8

I'm trying to symlink every directory in a folder to another folder. For example, in the structure below, I need the subfolders symlinked to folder2.

- /home/chris/folder1
-- subfolder1
-- subfolder2

- /home/john/folder2
-- subfolder1
-- subfolder2

This is what I have tried so far, but my bash skills are rusty and this does not work.

find /home/chris/folder1 -type d -maxdepth 1 -mindepth 1 -exec ln -s {} /home/john/folder2/{} \;

4 Answers 4

14

Assuming this layout:

% tree -L 2
.
├── top-1
└── top-2
    ├── sub-1
    ├── sub-2
    └── sub-3

And this desired output:

% tree -L 2
.
├── top-1
│   ├── sub-1 -> /tmp/sf-582772/top-2/sub-1
│   ├── sub-2 -> /tmp/sf-582772/top-2/sub-2
│   └── sub-3 -> /tmp/sf-582772/top-2/sub-3
└── top-2
    ├── sub-1
    ├── sub-2
    └── sub-3

And this version of find:

% find --version
find (GNU findutils) 4.4.2

Use:

find /tmp/sf-582772/top-2/ -maxdepth 1 -mindepth 1 -type d -exec ln -s '{}' /tmp/sf-582772/top-1/ \;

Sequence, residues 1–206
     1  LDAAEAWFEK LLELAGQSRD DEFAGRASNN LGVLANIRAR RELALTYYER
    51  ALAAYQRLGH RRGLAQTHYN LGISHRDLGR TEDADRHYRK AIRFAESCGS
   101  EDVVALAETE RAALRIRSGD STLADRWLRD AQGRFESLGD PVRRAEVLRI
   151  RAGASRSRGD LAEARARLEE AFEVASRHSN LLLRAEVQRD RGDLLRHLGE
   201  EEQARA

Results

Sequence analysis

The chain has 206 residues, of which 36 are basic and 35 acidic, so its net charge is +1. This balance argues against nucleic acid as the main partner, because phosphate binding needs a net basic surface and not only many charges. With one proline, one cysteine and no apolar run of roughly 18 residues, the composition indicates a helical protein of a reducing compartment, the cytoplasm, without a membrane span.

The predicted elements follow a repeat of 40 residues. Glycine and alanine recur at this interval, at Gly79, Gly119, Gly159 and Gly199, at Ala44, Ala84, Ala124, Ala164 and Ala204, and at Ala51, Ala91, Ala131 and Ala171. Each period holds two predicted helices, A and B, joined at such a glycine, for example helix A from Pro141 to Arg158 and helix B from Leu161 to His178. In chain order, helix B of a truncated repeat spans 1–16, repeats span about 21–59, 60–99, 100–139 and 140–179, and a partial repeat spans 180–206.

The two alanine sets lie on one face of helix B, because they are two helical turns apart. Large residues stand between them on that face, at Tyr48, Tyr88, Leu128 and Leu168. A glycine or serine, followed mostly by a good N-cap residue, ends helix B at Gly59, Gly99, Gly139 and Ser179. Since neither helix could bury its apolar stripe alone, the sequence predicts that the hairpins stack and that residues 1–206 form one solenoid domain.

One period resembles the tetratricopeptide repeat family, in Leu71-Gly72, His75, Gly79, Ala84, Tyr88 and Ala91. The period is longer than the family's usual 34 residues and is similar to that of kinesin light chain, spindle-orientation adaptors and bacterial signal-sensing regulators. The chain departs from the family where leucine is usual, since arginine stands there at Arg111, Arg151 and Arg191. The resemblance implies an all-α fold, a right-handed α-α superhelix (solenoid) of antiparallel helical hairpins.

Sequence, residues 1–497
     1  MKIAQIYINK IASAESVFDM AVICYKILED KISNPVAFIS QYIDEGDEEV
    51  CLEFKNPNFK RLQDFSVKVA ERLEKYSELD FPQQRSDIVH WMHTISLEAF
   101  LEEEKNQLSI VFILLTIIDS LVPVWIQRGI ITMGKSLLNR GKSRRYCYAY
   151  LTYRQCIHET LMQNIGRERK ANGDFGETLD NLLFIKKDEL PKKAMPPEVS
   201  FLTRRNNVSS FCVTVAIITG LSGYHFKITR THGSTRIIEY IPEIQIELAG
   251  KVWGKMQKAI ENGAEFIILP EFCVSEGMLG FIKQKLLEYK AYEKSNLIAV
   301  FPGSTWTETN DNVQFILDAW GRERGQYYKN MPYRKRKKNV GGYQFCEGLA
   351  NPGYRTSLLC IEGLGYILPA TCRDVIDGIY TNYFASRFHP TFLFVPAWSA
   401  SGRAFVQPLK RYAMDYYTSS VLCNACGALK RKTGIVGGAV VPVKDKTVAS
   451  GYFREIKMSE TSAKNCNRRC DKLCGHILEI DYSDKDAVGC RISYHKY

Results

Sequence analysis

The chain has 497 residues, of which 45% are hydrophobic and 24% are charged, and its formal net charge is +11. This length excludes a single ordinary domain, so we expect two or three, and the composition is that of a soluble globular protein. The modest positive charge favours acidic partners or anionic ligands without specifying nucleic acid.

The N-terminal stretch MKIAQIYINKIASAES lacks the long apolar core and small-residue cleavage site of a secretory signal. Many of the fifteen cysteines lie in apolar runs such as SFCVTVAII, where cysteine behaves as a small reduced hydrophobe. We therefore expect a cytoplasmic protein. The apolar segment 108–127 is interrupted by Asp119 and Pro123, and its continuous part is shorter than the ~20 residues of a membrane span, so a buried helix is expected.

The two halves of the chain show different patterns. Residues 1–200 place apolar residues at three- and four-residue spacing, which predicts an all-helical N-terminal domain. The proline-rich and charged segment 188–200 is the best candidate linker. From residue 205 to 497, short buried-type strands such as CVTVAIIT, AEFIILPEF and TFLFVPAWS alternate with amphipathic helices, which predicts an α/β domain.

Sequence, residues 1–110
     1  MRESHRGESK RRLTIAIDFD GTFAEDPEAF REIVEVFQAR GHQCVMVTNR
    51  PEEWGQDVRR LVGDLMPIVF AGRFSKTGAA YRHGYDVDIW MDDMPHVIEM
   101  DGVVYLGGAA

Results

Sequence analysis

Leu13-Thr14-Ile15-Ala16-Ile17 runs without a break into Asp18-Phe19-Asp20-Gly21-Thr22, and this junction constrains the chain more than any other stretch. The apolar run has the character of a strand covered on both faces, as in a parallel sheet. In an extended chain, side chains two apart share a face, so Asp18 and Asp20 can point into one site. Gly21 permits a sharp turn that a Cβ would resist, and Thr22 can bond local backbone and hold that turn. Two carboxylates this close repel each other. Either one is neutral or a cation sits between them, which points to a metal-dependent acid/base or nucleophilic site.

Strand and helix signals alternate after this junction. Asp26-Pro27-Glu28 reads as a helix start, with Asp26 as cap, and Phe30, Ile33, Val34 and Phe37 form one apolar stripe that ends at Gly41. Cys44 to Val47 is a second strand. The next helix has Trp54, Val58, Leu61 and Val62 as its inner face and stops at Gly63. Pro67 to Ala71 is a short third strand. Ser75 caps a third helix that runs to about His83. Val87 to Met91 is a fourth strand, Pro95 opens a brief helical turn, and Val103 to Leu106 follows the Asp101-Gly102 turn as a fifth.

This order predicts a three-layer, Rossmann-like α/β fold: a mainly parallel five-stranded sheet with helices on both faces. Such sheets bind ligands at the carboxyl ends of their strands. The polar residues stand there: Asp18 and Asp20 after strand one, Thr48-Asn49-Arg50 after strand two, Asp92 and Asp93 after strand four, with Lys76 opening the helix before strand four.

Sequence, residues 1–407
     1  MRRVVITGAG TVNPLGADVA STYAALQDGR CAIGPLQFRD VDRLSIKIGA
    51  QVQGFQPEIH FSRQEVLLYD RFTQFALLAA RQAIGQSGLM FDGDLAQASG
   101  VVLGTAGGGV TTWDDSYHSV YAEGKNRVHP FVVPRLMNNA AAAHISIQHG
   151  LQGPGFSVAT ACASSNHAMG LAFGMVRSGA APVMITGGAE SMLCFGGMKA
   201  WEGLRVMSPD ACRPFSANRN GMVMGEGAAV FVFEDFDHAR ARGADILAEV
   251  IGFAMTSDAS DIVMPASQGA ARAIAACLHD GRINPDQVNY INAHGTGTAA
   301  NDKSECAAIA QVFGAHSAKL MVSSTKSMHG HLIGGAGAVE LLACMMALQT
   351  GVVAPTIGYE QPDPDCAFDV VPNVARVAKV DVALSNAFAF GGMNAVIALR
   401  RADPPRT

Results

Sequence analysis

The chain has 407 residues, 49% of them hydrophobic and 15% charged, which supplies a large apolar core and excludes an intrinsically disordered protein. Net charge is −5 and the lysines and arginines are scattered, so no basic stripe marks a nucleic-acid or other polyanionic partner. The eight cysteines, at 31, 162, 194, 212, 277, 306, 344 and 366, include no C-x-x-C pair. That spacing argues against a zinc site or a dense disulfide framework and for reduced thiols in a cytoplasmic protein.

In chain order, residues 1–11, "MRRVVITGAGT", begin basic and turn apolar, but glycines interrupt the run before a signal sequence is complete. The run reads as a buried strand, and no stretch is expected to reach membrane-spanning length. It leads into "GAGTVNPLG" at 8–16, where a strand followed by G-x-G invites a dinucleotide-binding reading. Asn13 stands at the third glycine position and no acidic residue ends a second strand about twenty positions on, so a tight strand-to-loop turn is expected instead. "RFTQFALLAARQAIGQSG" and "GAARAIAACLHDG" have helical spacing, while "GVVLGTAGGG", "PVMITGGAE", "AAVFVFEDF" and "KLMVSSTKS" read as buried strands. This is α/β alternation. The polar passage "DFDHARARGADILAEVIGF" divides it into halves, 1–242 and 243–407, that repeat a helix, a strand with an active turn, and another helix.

Replacing the full paths given here with the directories you need. Here is a version with relative paths:

% pwd
/tmp/sf-582772
% find top-2 -maxdepth 1 -mindepth 1 -type d -exec ln -s ../'{}' top-1/ \;

Gives:

% tree -L 2
.
├── top-1
│   ├── sub-1 -> ../top-2/sub-1
│   ├── sub-2 -> ../top-2/sub-2
│   └── sub-3 -> ../top-2/sub-3
└── top-2
    ├── sub-1
    ├── sub-2
    └── sub-3
2

Perhaps I am missing something, other then this needs to be run each time a new directory is created under base. This works for me.

ln -s /base/* /target && ls -l /target
1
  • 1
    This will symlink everything thought, if you need to exclude, it might get more complicated. Dec 2, 2015 at 23:02
1

I'd try:

find /home/chris/folder1 -type d -maxdepth 1 -mindepth 1 -print0 | xargs -0 ln -s -t /home/john/folder2

I'm not a fan of the -exec argument to find, and not a fan of figuring out exactly how to escape literals, so I generally swing to find + xargs.

0

Having stumbled upon the answer which looks similar to what questioner is looking for, I'd thought I'd add an update for future people looking at this.

So the key is to make sure that the target directory does not already exist!

Example:

  1. Delete the target directory: target-directory
  2. Run: ln -s /path/to/base-directory/ /path/to/target-directory

So, for the original question:

  1. Delete the directory: folder2
  2. Run: ln -s /home/chris/folder1/ /home/john/folder2

I hope this helps.

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